35 years after the Chernobyl nuclear disaster, the artist Desiderio presents in a virtual reality exhibition the series of post-apocalyptic works presented at MACRO Testaccio in 2009, as well as subsequent works and short films. The words of the curator and the artist”

In April 26, 2021, 35 years after the nuclear accident occurred on the night of April 26, 1986 at 1:23:45 am, cultural organization Art Company presents the VR project “CHERNOBYL 35 years later“, by visual artist Desiderio, curated by Chiara Canali.

One of the most serious human and environmental disasters in human history. More than thirty thousand dead. One hundred cities and villages emptied. Five million people destined to be subjected to medical checks. Thousands of malformed infants across Europe. 2,800 square kilometers of water, flora and fauna contaminated forever.

In order to commemorate the 35th anniversary of the Chernobyl tragedy, Desiderio has created a VR project entitled CHERNOBYL 35 Years Later, which brings together a series of film shorts and paintings made in 2009 on the occasion of the Apocalypse Wow! at the Marco Testaccio art museum. The paintings simulate, in a post-apocalyptic light, a planet recently ravaged by devastating destruction, in which a giant snail moves slowly, ridden by the artist wearing a gas mask.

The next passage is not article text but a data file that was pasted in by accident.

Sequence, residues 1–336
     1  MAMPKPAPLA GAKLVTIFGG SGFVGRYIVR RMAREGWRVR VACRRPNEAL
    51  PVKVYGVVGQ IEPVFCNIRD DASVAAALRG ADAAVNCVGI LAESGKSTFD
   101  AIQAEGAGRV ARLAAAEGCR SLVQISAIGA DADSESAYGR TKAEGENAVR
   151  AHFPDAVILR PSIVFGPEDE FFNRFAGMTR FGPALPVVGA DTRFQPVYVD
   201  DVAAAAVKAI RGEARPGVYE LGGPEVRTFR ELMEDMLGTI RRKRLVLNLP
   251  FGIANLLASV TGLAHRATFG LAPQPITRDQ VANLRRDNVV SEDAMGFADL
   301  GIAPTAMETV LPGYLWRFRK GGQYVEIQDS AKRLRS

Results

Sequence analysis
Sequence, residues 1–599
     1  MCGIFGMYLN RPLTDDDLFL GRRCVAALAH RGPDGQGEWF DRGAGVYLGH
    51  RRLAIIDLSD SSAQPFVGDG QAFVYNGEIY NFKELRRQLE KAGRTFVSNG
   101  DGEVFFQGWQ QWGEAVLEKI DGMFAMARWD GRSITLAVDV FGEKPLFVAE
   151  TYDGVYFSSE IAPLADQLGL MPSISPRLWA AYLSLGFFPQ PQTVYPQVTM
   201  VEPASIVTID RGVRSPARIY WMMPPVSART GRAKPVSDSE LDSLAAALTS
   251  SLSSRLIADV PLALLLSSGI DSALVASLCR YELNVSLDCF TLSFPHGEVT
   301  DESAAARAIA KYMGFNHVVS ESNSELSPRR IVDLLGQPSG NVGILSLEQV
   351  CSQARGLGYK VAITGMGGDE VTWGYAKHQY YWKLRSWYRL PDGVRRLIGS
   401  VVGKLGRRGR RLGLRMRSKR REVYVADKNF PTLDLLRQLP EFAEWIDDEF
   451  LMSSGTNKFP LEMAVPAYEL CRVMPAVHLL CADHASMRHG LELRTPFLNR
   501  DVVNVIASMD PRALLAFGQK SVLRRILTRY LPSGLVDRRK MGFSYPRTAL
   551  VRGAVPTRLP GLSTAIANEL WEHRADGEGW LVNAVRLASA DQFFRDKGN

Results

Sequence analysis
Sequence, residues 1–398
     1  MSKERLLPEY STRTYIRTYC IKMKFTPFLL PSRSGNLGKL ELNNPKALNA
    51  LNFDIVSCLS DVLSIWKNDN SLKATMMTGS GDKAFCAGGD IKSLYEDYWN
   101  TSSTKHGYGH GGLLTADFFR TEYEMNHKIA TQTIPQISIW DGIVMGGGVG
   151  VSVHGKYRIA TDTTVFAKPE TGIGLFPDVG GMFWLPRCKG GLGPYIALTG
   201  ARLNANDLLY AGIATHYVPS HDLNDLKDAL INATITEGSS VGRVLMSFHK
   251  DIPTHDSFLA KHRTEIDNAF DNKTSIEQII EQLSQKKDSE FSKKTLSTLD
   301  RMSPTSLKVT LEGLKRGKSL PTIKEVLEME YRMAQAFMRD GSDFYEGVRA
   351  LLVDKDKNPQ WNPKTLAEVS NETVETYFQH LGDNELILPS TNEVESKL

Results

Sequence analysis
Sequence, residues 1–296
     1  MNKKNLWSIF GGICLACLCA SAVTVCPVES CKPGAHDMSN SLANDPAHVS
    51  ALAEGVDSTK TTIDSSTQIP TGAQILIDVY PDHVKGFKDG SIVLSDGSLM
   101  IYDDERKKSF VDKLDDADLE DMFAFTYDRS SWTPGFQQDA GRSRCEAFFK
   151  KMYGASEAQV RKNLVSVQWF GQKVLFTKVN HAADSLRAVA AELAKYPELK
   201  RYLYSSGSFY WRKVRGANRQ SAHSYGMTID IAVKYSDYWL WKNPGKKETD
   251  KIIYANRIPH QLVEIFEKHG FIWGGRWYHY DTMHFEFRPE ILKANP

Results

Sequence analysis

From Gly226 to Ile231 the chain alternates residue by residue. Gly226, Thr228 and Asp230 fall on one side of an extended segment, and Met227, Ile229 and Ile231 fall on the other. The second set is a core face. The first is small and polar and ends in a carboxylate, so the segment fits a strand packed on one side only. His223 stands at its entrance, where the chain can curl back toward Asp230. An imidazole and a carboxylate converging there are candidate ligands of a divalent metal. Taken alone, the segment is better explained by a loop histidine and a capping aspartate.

Specifically, the works in the Chernobyl series materialize the effects generated on humanity by radioactive contamination through a pictorial sequence of portraits depicting infants holding two-headed pets or suffering from particular genetic duplication diseases. The horror and devastation caused by human error are opposed to the childlike naivety of a juvenile universe that considers the deformed beings presented in the works as “pets”.

The Desiderio’s painting is utopian and visionary and proceeds by flashback and flash-forward, just as it happens in the language of video; he often creates compositional spaces resembling real cinematographic sets, artificial theaters, which become expressive metaphors through which Desiderio criticizes the faults and errors of the past, with the hope that they will not be perpetuated in the future.